Rivian appears to be the latest EV bromance to go sour for Ford Motor Co. as the automaker just cut its stake in the upstart EV maker down to 1 percent.
After investing $1.2 billion in the startup electric truck and SUV maker in 2019, Ford owned up to 12% of Rivian at one point, with 101.9 million shares. After the Rivian IPO in November 2021, the new stock soared to almost $180 per share, making Ford’s stake worth more than $18 billion.
But by the beginning of 2022, that investment was down by 40% from its all-time high to about $10.6 billion at about $100 per share on Jan. 3. The slide continued through 2022 as Rivian and other automakers had trouble meeting production and profitability goals. By the first trading day of 2023, the stock was changing hands at about $18 per share. After going as low as $15 per share in January, Rivian is currently trading back at $18 per share.
Against that backdrop, Ford has been steadily reducing its stake in Rivian, first reporting major gains, and then catastrophic losses on its investment. Ford reported an unrealized gain of up to $8.3 billion on Rivian stock for calendar year 2021.
However, Ford later reported a net loss of $3.1 billion for the first quarter of 2022, largely due to the declining valuation of its Rivian investment. The red ink is due to what the company described as a “mark-to-market” loss of $5.4 billion on the company’s investment in Rivian.
Ford’s initial 12% ownership was reduced to 10.5% in May 2022 after Ford sold 8 million shares for $214 million. Ford has now sold off even more of its stake in the fledgling luxury EV company, leaving just 11 million shares, or 1.15% of ownership residing in Dearborn, Michigan.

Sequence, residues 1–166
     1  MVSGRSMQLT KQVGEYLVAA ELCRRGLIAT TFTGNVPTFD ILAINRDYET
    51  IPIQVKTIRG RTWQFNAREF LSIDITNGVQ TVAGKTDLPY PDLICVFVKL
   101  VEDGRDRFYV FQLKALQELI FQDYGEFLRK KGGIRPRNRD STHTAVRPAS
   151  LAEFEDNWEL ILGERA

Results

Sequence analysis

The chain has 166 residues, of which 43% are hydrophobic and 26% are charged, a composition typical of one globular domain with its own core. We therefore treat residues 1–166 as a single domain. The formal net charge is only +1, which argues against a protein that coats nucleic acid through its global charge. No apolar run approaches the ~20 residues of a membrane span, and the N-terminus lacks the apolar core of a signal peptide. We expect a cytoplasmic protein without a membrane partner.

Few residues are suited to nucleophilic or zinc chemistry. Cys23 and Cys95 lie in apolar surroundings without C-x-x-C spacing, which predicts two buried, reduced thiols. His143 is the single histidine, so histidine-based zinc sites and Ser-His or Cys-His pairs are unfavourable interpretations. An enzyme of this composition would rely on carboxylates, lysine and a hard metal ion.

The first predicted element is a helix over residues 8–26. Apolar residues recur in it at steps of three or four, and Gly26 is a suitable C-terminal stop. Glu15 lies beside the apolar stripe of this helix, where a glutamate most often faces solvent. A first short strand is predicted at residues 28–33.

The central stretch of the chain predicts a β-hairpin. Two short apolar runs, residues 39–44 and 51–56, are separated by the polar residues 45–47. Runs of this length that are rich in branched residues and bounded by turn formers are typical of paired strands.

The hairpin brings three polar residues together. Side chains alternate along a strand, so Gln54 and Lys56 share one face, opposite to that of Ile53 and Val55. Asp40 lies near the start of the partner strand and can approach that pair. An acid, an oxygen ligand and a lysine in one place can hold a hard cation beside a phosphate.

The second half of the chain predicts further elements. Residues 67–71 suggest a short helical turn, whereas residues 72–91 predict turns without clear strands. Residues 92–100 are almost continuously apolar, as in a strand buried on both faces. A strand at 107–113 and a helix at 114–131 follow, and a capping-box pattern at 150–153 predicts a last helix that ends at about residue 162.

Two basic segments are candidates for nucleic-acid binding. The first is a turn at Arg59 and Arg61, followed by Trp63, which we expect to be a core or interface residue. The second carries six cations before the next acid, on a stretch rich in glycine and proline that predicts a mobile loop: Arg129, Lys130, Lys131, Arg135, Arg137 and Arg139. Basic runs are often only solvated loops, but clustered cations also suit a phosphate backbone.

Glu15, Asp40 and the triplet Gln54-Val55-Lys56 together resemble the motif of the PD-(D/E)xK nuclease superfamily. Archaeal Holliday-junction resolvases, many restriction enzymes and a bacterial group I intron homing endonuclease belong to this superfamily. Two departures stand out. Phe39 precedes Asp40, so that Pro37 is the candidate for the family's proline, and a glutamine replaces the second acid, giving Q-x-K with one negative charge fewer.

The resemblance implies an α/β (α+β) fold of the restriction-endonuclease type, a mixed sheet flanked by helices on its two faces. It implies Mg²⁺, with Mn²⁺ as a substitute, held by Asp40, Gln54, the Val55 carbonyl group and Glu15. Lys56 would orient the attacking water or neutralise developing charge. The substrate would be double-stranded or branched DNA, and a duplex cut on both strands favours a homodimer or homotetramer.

Viewed against Ford’s disappointing overall results for 2022, the drawdown of the Rivian investment makes perfect sense. In all, Ford sold 91 million of its shares in 2022, receiving about $3 billion in proceeds. That’s a handsome return on their initial investment, but not nearly what it could have been.
Going it alone with EVs
At the time of its investment, Ford and Rivian announced plans to build vehicles together based on the Rivian platform. That partnership never came to pass, and Rivian suffered a 17% stock hit on the day Ford announced it would not use the Rivian chassis to build any trucks, instead preferring its own design for the F-150 Lightning.
Rivian is not the only company to attempt a partnership with Ford to produce EVs. Ford had announced plans to build a small truck on the Volkswagen MEB electric platform for Europe, and that vehicle was intended to launch in 2023. Ford now says it will wind down its partnership with VW after producing two European-market crossover SUVs based on MEB. Ford and VW also terminated their joint venture in autonomous tech developer Argo after the collaboration cost Ford most of a billion dollars in Q3.
In more bad news for Rivian, a planned joint venture with Mercedes-Benz was also put on hold in December, as Rivian had to reprioritize to focus on its core business. it’s just the latest in a litany of problems that have plagued the company this year.
In July, the EV manufacturer laid off 6% of its workforce to help offset rising costs due to inflationary pressures. Then, in October, Rivian recalled 13,000 trucks out of the roughly 14,000 that have been made this year, for suspension nuts that may not have been torqued properly, which could cause the front suspension to separate. At the same time, the company has been battling the same supplier shortages as every other automaker.